Government’s plan to use typhoon shelters as mooring sites revealed

Berthes full at Hebe Haven Yacht Club. Photo by Graham Uden

Government reveals plans to use typhoon shelters as mooring sites amid chronic space shortage. Jai Rane reports.

The Marine Department is considering setting up temporary private mooring in typhoon shelters to ease the territory-wide shortage in berthing spaces. One potential site for mooring is the Yim Tin Tsai typhoon shelter.

Secretary for Transport and Housing Frank Chan Fan revealed the plans in response to a question by transport sector lawmaker Frankie Yick Chi-ming. Chan says that the Marine Department is “also considering” creating 1,200 additional private moorings by expanding three existing mooring sites in Tso Wo Hang, Shuen Wan Hoi and Tai Mei Tuk.

The chronic shortage of mooring space has been a public issue for several years. In 2014, the Marine Department responded to public pressure by promising a review by mid-2015. However, it is only now that the issue has been readdressed. 

The current scarcity of mooring space has significantly increased the cost of boat ownership and forced many skippers to moor illegally. Marine department statistics show that there were 9,748 licensed pleasure vessels last year but only 5,000 moorings and dry berths for their use. Boat owners who can afford the soaring rent prices often have to spend years on waiting lists for marina spaces.

A leading HK yacht broker who wished to remain anonymous says that “the whole of Hong Kong is full” and it is “killing the boating business”. He says nobody wants a boat when there’s no mooring space “it’s like buying a Ferrari when there are no parking areas”.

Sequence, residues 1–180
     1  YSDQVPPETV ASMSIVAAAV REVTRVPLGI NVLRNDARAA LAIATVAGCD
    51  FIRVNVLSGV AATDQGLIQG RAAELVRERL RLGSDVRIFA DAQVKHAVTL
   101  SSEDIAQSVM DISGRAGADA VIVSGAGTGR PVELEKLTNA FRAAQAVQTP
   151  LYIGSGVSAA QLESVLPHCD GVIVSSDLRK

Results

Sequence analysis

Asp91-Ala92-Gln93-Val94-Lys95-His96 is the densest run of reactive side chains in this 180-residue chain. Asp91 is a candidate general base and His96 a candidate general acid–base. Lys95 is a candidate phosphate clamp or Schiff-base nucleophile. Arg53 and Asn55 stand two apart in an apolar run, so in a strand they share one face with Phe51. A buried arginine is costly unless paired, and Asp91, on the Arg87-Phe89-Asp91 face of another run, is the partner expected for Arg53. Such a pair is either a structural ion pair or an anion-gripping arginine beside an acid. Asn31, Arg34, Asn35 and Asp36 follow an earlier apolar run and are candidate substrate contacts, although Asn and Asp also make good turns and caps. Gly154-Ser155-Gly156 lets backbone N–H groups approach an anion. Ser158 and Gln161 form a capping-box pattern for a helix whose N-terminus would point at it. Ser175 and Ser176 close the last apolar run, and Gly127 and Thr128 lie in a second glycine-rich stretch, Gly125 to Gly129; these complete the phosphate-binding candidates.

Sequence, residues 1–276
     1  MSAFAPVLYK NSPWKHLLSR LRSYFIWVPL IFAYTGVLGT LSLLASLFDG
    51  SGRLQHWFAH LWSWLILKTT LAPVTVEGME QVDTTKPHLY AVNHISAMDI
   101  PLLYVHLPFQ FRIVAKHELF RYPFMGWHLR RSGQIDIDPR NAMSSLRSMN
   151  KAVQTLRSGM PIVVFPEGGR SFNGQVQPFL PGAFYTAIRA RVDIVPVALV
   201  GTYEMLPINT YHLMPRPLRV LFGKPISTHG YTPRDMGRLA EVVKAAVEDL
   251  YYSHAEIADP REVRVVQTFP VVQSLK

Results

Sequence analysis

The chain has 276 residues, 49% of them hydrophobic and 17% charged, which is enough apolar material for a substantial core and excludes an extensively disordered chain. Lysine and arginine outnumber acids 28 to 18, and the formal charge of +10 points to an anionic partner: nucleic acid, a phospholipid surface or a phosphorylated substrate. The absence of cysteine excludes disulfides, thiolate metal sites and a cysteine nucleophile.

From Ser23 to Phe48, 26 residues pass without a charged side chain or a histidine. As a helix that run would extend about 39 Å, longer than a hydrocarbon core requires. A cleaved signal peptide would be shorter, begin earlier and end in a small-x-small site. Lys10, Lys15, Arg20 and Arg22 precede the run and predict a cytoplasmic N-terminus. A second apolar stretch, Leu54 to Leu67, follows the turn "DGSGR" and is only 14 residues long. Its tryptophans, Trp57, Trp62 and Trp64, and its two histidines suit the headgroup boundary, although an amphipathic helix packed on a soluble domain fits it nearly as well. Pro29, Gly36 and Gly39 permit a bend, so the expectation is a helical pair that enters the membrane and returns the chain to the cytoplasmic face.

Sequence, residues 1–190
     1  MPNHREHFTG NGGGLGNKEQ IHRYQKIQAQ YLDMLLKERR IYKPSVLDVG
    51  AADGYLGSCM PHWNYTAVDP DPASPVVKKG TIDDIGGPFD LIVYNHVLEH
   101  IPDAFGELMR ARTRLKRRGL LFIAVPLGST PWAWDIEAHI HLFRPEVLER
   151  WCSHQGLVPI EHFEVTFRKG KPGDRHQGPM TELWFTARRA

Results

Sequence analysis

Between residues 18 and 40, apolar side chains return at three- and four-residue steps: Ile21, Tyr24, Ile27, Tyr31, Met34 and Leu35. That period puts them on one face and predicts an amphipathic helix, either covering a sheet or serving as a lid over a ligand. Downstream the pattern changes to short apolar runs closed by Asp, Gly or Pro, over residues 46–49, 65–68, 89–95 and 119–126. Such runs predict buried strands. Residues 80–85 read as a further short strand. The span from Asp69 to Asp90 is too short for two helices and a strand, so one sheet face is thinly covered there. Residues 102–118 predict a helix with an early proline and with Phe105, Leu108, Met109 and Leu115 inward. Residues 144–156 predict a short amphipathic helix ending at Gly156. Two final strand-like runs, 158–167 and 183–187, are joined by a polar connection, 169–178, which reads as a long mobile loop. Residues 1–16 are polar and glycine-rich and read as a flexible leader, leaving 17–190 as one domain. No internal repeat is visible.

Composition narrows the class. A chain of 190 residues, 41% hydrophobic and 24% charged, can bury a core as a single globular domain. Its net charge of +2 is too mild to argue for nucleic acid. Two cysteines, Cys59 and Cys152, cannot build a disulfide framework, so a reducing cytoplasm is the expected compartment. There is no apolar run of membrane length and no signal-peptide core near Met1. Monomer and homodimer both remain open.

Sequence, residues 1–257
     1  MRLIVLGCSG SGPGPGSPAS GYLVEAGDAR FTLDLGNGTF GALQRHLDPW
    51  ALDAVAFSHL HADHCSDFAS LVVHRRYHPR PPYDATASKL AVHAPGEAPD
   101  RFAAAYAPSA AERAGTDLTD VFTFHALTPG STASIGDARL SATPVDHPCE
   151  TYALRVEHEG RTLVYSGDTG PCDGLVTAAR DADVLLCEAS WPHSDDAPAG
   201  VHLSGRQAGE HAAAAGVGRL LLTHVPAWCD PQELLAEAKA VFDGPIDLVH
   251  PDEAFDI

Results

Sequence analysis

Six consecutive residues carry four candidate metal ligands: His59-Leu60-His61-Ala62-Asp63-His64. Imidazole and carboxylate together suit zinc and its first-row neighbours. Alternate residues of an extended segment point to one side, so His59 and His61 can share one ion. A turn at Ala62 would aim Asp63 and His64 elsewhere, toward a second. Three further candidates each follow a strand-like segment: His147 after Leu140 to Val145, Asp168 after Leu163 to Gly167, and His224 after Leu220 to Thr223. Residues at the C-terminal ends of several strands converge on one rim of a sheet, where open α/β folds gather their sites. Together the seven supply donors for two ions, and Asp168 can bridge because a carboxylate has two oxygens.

Sham Wan viewed from Nam Long Shan

He thinks Chan’s suggestion is a “good idea” but it can only provide temporary relief. “Bigger boats need power for running batteries and such measures would only work for little boats.”

“Mooring and berths spaces have run out in Hong Kong since two years ago and most potential yacht owners have given up considering such an idea,” says Gordon Hui, chairman of luxury-boat maker Sunseeker Asia.

“Over 30,000 people are working in this marine industry but the growth in this industry is looking bleak”. Hui suggests that instead of more private mooring spaces the yachting industry would like more public marinas for HK yacht owners and overseas visiting yachts.

He believes that this use of land will benefit boat owners and non-boat owners alike as people can still hang out in these public marinas to enjoy dinners, drinks and a view of the luxury yachts only metres away.

It will be “a LKF by the sea”. “We hope the HK Government can consider these points rather than selling all the land to property developers to build expensive housing that many people can not afford.” Hui shared examples of successful overseas public marinas in Corsica, Sardinia, and St Tropez and of possible locations for such marinas in Hong Kong. 

Hong Kong lost its title as the world’s busiest container port in 2005. The city is currently fifth behind Shanghai, Singapore, Shenzhen, and Ningbo in the QS annual world rankings.